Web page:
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The second assault happened Dec. 11, 2014. A patient Baker described as having a "long history of unpredictable, violent behaviors" hit Baker on the right side of the head while Baker was feeding the patient. He began to experience headache, vertigo, dizziness and ringing in his ears. When those conditions persisted, Baker sought medical treatment 12 days later and said he was diagnosed with post-concussive syndrome. No criminal charges were filed. Baker believes these assaults would have been mitigated or not have happened if Regional Health would have had better security measures in place.
Assaults like these, in which patients attacked caregivers, were fairly common at Regional Behavioral Health Center. In 2016, there were 38 employee injuries due to assaults at the center, according to Regional Health.
"We have several caregivers that are no longer able to work based on some of the injuries they sustained," Davidson said in a separate interview with the Journal.
Besides the physical pain, Baker said the assaults have taken a psychological toll. They have made him wary in public, and he often checks to see if anyone is behind him and is skeptical of people approaching him. "It becomes so overwhelming at most times, the only relief I can experience is to come home," Baker wrote in one letter to OSHA.
"Basically, I was immobilized," he said in phone interview.
He was able to work intermittently after the assaults but ultimately had to stop working because of his psychological ailments. He started collecting workers' compensation payments, but in October he was informed Regional Health and its insurance company had denied his claim and would no longer pay. He plans on challenging that ruling in court.
Three years to the day after Baker's first assault, on Nov. 7, 2016, he was officially terminated by Regional Health via a letter. Baker believes the termination was because he wrote a report to OSHA. The letter states Baker had used all types of leave available to him and that Regional Health had "no indication you (Baker) will return to your job at any point in the future."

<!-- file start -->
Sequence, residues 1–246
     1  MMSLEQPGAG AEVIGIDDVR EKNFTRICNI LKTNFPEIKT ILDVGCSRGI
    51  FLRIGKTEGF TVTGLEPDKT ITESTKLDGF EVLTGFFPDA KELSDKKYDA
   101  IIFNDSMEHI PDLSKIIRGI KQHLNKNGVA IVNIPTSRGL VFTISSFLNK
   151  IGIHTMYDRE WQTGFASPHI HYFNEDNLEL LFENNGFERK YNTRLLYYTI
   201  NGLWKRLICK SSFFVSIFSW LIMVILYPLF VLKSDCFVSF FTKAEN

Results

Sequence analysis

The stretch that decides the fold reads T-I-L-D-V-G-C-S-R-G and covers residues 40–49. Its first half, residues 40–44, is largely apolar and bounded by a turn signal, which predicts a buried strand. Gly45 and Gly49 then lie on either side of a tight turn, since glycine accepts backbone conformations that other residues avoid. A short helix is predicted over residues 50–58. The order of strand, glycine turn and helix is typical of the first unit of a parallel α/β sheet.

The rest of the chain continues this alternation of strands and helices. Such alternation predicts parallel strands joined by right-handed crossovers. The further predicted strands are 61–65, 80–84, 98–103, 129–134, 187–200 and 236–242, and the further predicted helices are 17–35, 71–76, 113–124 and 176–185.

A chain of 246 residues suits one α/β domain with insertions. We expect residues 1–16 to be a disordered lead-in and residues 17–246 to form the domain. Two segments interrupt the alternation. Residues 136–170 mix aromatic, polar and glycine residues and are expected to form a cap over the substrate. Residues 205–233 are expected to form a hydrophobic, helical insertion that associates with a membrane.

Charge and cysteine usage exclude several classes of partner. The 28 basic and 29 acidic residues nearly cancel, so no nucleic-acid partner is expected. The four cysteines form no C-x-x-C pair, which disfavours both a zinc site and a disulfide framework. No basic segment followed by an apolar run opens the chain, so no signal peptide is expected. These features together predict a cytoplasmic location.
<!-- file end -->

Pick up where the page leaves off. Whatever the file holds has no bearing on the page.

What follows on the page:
Baker noted several areas of safety concerns for the center in his affidavit. Some of those included structural upgrades such as adding cameras and eliminating blind spots. It also included having a 24-hour security officer. Regional Health officials say they have now implemented some of those safety measures.
Others raise concerns
The Journal spoke with six former co-workers about their time at Regional Behavioral Health Center, but several wished to remain anonymous because they wanted to continue work in the medical field and feared retribution if they spoke out.
One former worker said, "They can do a lot to mess up my life if they want to." The Journal confirmed their employment at the center through official paperwork provided by the sources.
One former employee said he also contacted OSHA with workplace safety concerns. That man said he was locked in a hallway with dangerous patients when he started asking questions about the center's use of seclusion and restraint.
The man worked as a psychiatric tech for Regional Behavioral Health in the summer of 2014. He quit about two years later after what he said was a hostile and unsafe work environment at the center and the unjust use of seclusion and restraint on patients.
He told a story of a nurse asking him to use restraint on a patient because the patient had called her a bad name. According to him, the use of restraint and seclusion was too frequent and didn't follow industry standards that "had been set for 10 or 15 years." A recent report by the Joint Commission, which audits medical facilities across the country, found the center was using restraint and seclusion at rates that far exceeded the national average.